A week after the stable version of Chrome 33 was released, Google has announced the release of Chrome 34 beta for Windows, Mac, and Linux. New features include the addition of responsive images, an unprefixed version of the Web Audio API, and hands-free Google Voice Search.
The last of the three is arguably the most exciting: just open a new tab or visit Google.com in Chrome, say “Ok Google,” and then start speaking your search. The feature is being rolled out gradually to US English users on all three desktop platforms “over the next few days.” Google notes that support for additional languages and Chrome OS is “coming soon.”
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We’re back in New York this November for the 4th edition of our growth-focused technology event.
To enable the feature, you’ll have to visit Google.com, click on the microphone icon, and hit “Enable Ok Google” as you can see in the screenshot above. Once you flip the switch, Google offers three examples of what you can do: perform searches (Ok Google, how many ounces are in a cup?), set a timer (Ok Google, set a timer for 30 minutes), and create a reminder for Google Now (Ok Google, remind me to pick up dessert at 6pm tonight).
Here’s how hands-free voice search looks like in action:
We knew hands-free voice search was coming to Chrome since it first appeared in Chromium last month. The feature, which first arrived as a beta Chrome extension in November, is now built into the browser, and should be available in the stable version very soon.
With Chrome 34 beta, Google is also introducing “srcset” to let Web developers provide multiple resources in varying resolutions for a single image, in the hopes of speeding up page load times, reducing wasted bandwidth, and ending improperly formatted content. Responsive images means the browser picks the resource that matches the device’s capabilities, whether it’s a desktop, laptop, tablet, phone, or a TV.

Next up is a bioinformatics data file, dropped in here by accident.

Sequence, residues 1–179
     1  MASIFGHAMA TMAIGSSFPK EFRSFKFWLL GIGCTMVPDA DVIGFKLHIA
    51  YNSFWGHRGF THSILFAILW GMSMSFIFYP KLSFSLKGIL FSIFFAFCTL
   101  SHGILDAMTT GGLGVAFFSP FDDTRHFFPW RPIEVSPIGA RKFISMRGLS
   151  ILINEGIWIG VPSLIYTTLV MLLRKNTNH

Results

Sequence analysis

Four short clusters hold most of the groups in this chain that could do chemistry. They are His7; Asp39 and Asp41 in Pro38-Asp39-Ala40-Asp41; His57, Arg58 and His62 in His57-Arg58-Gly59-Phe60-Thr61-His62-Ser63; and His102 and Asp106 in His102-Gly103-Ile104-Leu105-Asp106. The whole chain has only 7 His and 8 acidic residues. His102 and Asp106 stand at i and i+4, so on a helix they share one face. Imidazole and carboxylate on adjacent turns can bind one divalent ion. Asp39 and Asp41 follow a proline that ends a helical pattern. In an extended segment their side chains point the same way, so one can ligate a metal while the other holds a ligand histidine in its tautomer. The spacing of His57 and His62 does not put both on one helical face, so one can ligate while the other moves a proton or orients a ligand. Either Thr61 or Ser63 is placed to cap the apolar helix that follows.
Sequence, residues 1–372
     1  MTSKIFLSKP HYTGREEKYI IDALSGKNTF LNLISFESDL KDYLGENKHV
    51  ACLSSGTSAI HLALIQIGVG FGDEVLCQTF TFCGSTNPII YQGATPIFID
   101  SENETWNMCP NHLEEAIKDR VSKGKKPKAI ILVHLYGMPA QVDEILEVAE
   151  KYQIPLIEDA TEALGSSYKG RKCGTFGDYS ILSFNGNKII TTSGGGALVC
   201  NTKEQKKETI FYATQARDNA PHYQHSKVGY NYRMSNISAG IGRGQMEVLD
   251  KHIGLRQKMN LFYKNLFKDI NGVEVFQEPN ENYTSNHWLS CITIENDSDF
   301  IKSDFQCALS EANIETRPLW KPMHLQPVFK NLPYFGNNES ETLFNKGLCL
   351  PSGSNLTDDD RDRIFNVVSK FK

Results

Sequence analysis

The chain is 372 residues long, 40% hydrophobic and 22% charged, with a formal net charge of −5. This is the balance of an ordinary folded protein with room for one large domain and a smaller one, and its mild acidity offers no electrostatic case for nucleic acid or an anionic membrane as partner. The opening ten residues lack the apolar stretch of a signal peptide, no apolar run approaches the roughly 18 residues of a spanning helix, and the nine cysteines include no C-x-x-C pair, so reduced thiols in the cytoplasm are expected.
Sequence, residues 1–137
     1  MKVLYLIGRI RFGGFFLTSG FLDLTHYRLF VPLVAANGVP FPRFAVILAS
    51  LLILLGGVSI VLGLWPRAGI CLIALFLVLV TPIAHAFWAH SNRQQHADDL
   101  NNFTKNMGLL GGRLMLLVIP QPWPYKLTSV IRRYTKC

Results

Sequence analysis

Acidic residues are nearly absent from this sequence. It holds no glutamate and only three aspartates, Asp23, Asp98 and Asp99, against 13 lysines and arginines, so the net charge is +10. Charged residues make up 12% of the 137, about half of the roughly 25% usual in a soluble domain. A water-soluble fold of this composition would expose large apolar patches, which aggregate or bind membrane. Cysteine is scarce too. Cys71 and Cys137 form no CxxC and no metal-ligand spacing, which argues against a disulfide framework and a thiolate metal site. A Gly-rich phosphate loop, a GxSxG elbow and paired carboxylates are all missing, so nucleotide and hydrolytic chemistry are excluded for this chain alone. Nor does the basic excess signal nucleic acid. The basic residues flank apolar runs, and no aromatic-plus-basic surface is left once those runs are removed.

Lastly, the new beta browser comes with an unprefixed version of the Web Audio API, to bring Chrome’s implementation of Web Audio in alignment with the W3C draft specification. Google is asking developers to switch to the unprefixed versions “soon,” as the prefixed versions have been deprecated and will be removed in a future release.
The full changelog for this release is as follows:
- Responsive Images and Unprefixed Web Audio.
- Hands-free Google Voice Search in Chrome.
- Import supervised users onto new computers.
- A number of new apps/extension APIs.
- Lots of under the hood changes for stability and performance.
The third point is worth expanding on: you can now import supervised users, which were first added as a beta feature Chrome 32. Imported supervised users come with all their permissions, which will automatically sync across devices.
To import a supervised user, click the Chrome menu on the browser toolbar, select Settings, click “Add new user” in the Users section, click “Import an existing supervised user,” select the user in question, and click “Import supervised user.” Google could probably cut down a few of those steps.
Web developers will want to take note of the following platform changes as well:
- The font-variant-ligatures CSS property allows developers to control ligatures in text.
- A variety of infrequently used web platform features have been removed. For a complete list, see the list of Blink “intents”.
- Chrome will now offer to remember and fill password fields in the presence of autocomplete=off. This change does not affect non-password fields.
Chrome 34 is set to launch in late March or early April. We’ll let you know when it’s available for everyone.
Top Image Credit: T. Al Nakib